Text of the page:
13. Evaluation of the efficacy of an autogenous Escherichia coli vaccine in broiler breeders

    DEFF Research Database (Denmark)

    Li, Lili; Thøfner, Ida; Christensen, Jens Peter

    2017-01-01

    In poultry production Escherichia coli autogenous vaccines are often used. However, the efficacy of autogenous E. coli vaccinations has not been evaluated experimentally in chickens after start of lay. The aim of the present study was to evaluate the protective effect of an autogenous E. coli...... infection, significant protection of an autogenous E. coli vaccine against neither a homologous nor a heterologous E. coli challenge could not be documented....

  14. Immobilizing live Escherichia coli for AFM studies of surface dynamics

    Energy Technology Data Exchange (ETDEWEB)

    Lonergan, N.E.; Britt, L.D.; Sullivan, C.J., E-mail: sullivcj@evms.edu

    2014-02-01

    Atomic force microscopy (AFM) is a probe-based technique that permits high resolution imaging of live bacterial cells. However, stably immobilizing cells to withstand the probe-based lateral forces remains an obstacle in AFM mediated studies, especially those of live, rod shaped bacteria in nutrient media. Consequently, AFM has been under-utilized in the research of bacterial surface dynamics. The aim of the current study was to immobilize a less adherent Escherichia coli strain in a method that both facilitates AFM imaging in nutrient broth and preserves overall cell viability. Immobilization reagents and buffers were systematically evaluated and the cell membrane integrity was monitored in all sample preparations. As expected, the biocompatible gelatin coated surfaces facilitated stable cell attachment in lower ionic strength buffers, yet poorly immobilized cells in higher ionic strength buffers. In comparison, poly-L-lysine surfaces bound cells in both low and high ionic strength buffers. The benefit of the poly-L-lysine binding capacity was offset by the compromised membrane integrity exhibited by cells on poly-L-lysine surfaces. However, the addition of divalent cations and glucose to the immobilization buffer was found to mitigate this unfavorable effect. Ultimately, immobilization of E. coli cells on poly-L-lysine surfaces in a lower ionic strength buffer supplemented with Mg{sup 2+} and Ca{sup 2+} was determined to provide optimal cell attachment without compromising the overall cell viability. Cells immobilized in this method were stably imaged in media through multiple division cycles. Furthermore, permeability assays indicated that E. coli cells recover from the hypoosmotic stress caused by immobilization in low ionic strength buffers. Taken together, this data suggests that stable immobilization of viable cells on poly-L-lysine surfaces can be accomplished in lower ionic strength buffers that are supplemented with divalent cations for membrane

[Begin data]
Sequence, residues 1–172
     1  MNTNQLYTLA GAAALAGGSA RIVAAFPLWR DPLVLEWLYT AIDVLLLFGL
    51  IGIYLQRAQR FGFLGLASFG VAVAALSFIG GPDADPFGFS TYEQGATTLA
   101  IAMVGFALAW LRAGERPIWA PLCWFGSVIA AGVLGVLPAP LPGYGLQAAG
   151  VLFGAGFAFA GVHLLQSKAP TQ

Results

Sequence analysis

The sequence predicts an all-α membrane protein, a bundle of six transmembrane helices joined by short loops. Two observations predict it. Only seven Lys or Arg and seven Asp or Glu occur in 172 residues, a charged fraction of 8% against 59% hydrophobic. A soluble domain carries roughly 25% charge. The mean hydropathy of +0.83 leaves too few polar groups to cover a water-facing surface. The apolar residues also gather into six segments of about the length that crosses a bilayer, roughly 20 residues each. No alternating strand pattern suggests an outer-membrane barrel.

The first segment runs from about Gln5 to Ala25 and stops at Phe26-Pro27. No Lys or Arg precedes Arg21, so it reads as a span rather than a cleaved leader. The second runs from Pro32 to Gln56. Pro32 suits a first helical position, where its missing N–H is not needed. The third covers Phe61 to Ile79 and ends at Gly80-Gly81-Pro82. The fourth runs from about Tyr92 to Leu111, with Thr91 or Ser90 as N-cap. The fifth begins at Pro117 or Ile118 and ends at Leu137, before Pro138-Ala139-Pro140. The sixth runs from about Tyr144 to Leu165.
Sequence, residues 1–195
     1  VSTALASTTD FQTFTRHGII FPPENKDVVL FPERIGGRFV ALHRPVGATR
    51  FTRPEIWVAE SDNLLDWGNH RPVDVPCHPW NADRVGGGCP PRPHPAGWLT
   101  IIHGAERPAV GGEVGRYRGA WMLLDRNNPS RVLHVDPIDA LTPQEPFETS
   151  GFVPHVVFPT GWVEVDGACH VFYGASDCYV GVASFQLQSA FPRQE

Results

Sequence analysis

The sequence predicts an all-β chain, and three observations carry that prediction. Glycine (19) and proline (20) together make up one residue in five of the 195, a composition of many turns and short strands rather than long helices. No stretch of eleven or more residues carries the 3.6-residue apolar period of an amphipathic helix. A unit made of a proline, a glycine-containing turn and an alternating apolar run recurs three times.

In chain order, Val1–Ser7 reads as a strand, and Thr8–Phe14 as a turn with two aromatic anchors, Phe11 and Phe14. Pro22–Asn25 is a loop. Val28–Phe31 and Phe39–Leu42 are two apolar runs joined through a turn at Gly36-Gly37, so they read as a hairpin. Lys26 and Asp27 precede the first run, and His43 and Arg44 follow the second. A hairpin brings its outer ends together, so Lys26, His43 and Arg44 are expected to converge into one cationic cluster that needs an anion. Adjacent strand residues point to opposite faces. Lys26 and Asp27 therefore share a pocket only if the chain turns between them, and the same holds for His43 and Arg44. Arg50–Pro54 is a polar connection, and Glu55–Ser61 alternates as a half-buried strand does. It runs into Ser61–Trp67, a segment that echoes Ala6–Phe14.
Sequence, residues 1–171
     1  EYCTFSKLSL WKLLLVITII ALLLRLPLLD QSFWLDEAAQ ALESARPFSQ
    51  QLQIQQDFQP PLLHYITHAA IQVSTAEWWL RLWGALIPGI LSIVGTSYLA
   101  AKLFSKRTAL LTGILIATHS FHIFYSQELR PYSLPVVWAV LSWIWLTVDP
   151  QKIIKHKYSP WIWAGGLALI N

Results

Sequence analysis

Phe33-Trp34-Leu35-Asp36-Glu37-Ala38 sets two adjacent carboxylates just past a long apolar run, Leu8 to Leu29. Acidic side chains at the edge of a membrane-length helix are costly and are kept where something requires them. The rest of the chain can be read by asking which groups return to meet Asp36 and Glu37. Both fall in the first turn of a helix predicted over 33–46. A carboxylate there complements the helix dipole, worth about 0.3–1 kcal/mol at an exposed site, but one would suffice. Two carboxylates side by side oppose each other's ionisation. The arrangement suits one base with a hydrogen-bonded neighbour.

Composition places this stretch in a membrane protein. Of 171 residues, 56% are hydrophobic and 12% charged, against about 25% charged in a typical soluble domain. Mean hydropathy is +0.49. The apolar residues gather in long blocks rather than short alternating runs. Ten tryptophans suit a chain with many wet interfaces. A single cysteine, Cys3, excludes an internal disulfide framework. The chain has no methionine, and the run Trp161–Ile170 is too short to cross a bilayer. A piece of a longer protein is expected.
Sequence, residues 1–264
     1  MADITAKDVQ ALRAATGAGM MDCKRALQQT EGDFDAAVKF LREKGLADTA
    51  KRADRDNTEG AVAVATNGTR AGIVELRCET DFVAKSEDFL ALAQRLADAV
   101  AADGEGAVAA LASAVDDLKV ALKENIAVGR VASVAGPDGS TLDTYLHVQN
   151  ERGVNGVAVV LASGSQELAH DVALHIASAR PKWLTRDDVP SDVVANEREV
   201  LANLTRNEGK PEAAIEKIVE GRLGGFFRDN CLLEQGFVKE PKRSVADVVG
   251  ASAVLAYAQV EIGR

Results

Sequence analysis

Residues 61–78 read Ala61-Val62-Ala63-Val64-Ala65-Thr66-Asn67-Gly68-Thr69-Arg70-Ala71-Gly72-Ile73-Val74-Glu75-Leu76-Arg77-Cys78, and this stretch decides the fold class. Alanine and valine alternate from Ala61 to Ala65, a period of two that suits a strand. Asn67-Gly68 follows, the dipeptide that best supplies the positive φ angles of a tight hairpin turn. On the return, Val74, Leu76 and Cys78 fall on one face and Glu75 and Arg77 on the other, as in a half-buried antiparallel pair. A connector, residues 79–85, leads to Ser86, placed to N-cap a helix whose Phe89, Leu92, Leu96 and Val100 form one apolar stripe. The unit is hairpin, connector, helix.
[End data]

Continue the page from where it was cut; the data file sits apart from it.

15. Escherichia coli Meningitis after Rotavirus Gastroenteritis in an Infant

    Science.gov (United States)

    Vermezoglu, Oznur; Ocal Topcu, Didem; Karbuz, Adem; Hacihamdioglu, Bulent

    2016-01-01

    Although rotavirus gastroenteritis is quite common in the pediatric population, secondary bacterial sepsis following rotavirus infection is a rare clinical entity. Gram-negative bacilli are the fifth most common cause of meningitis in infants but this infection rarely occurs after gastroenteritis. Here, we report a 2.5-month-old infant who developed Escherichia coli (E. coli) meningitis after acute rotavirus gastroenteritis. The 2.5-month-old male infant with fever, vomiting, and watery diarrhea that started 1 day earlier was admitted to the hospital. Rotavirus antigen in stool sample was positive. He was hospitalized, and fever was measured at 39.5°C on the second day. Lumbar puncture was done for suspicion of meningitis, and cerebrospinal fluid (CSF) findings suggested meningitis. Intravenous vancomycin and cefotaxime were started empirically. Since E. coli reproduction was seen in blood culture and CSF culture, treatment was continued with cefotaxime. The patient was discharged with minimal midlevel hydrocephalus findings in cranial ultrasonography and magnetic resonance imaging following 21 days of antibiotics treatment. Septicemia development following rotavirus gastroenteritis is an extremely rare clinical condition. It is vital to start prompt antibiotic treatment as soon as the diagnosis of secondary bacterial infection is made because of high mortality and morbidity rates.